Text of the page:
When the king’s return became imminent, Ryley’s loyalty revived, and he was one of the three heralds who proclaimed Charles II at Westminster Hall gate on 8 May 1660, in obedience to the commands of both houses of parliament. On the Restoration Ryley was reduced to his former rank as Lancaster herald, though the chapter of the college of arms showed their appreciation of his services by making him their registrar on 13 Dec 1660. The place of keeper of the records was given to William Prynne, with a salary of 500l. per annum; but Ryley and his son remained in the office as his deputies. Prynne speaks disparagingly of Ryley’s abilities and research, but he can hardly be regarded as an impartial critic. Pepys, writing on 13 May 1664, says: ‘I saw old Ryley, the herald, and his son, and spoke to his son, who told me in very bad words concerning Mr. Prin, that the King had given him an office of keeping the Records; but that he never comes thither, nor had been there these six months; so that I perceive they expect to get his employment from him’.

Ryley was buried in the east cloister of Westminster Abbey on 25 July 1667.[5]


[1] ‘Charles I – volume 507: April 1645’, in Calendar of State Papers Domestic: Charles I, 1644-5, ed. William Douglas Hamilton (London, 1890), pp. 379-445. British History Online http://www.british-history.ac.uk/cal-state-papers/domestic/chas1/1644-5/pp379-445.

[2] ‘House of Lords Journal Volume 10: 17 August 1648’, in Journal of the House of Lords: Volume 10, 1648-1649 (London, 1767-1830), pp. 443-445. British History Online http://www.british-history.ac.uk/lords-jrnl/vol10/pp443-445

[3] ‘State Papers, 1658: Receipts and disbursements, 1656-8’, in A Collection of the State Papers of John Thurloe, Volume 7, March 1658 – May 1660, ed. Thomas Birch (London, 1742), pp. 471-488. British History Online http://www.british-history.ac.uk/thurloe-papers/vol7/pp471-488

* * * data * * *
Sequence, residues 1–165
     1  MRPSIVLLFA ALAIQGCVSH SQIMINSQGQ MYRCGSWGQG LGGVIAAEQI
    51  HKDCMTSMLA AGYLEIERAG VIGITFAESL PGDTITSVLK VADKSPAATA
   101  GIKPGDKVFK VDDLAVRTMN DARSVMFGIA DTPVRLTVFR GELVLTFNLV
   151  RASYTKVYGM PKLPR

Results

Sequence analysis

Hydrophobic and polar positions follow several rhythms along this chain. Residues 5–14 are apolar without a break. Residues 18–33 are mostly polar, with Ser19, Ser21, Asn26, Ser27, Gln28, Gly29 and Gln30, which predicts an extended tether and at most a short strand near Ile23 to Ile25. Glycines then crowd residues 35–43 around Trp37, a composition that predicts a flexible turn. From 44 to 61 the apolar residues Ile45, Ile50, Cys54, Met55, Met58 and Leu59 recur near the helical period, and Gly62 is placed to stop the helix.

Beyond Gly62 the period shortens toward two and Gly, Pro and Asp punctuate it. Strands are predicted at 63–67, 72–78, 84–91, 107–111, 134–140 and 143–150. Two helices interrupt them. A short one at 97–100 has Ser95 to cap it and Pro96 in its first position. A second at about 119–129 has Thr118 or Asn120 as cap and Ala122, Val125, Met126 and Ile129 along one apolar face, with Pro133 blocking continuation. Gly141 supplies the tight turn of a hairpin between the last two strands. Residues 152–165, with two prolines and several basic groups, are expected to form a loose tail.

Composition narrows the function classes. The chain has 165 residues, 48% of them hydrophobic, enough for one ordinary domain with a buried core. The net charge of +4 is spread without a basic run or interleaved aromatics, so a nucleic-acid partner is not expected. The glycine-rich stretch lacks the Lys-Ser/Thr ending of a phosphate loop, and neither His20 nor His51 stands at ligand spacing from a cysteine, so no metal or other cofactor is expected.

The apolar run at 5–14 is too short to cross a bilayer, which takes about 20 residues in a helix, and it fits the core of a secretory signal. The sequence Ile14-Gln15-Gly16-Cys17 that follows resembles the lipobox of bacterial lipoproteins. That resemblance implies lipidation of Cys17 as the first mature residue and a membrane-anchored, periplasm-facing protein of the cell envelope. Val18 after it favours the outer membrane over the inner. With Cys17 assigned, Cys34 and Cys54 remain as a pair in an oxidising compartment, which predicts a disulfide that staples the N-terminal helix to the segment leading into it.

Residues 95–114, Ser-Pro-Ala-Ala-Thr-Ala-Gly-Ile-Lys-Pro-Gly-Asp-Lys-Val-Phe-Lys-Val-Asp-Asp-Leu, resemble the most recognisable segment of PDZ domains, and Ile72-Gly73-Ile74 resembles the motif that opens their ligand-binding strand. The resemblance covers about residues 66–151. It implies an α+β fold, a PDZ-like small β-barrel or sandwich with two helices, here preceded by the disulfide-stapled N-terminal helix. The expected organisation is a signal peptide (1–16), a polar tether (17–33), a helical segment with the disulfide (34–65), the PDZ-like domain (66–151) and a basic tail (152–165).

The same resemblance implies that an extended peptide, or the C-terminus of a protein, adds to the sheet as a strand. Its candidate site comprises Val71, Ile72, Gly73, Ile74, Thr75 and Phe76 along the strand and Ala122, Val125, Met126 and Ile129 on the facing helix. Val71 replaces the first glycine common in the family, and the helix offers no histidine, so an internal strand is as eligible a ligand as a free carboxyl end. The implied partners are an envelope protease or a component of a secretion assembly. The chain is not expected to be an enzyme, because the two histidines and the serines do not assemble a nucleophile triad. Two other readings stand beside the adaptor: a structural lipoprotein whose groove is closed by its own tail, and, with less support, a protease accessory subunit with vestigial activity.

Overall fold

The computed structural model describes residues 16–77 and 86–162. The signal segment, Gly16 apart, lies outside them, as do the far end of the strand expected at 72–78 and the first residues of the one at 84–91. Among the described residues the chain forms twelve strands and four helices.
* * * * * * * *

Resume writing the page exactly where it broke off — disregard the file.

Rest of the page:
[4] ‘Charles II – volume 66: Undated 1662’, in Calendar of State Papers Domestic: Charles II, 1661-2, ed. Mary Anne Everett Green (London, 1861), pp. 610-632. British History Online http://www.british-history.ac.uk/cal-state-papers/domestic/chas2/1661-2/pp610-632

[5] This biographical account has been extracted from the Dictionary of National Biography (1885-1900), Vol 50 (Russen – Scobell), https://en.wikisource.org/wiki/Ryley,_William_(DNB00). For further accounts of his life see also: John E. Bailey, The Troubles of William Ryley, Lancaster Herald, and his son, Clerks of the Records in the Tower (reprinted, with additions and corrections from the Leigh Chronicle. Leigh, Lancashire: The Chronicle, 1879), and R.E.C. Waters, Genealogical memoirs of the extinct family of Chester of Chicheley, Vol. 1, (1878), pp.174-181; Handley, Stuart. “Ryley, William (d. 1667), herald and writer”, Oxford Dictionary of National Biography, 23 Sep. 2004, https://doi.org/10.1093/ref:odnb/24423.

This report is part of a series on ‘Petitioners in the reign of Charles I and the Civil Wars’, created through a U3A Shared Learning Project on ‘Investigating the Lives of Seventeenth-Century Petitioners’.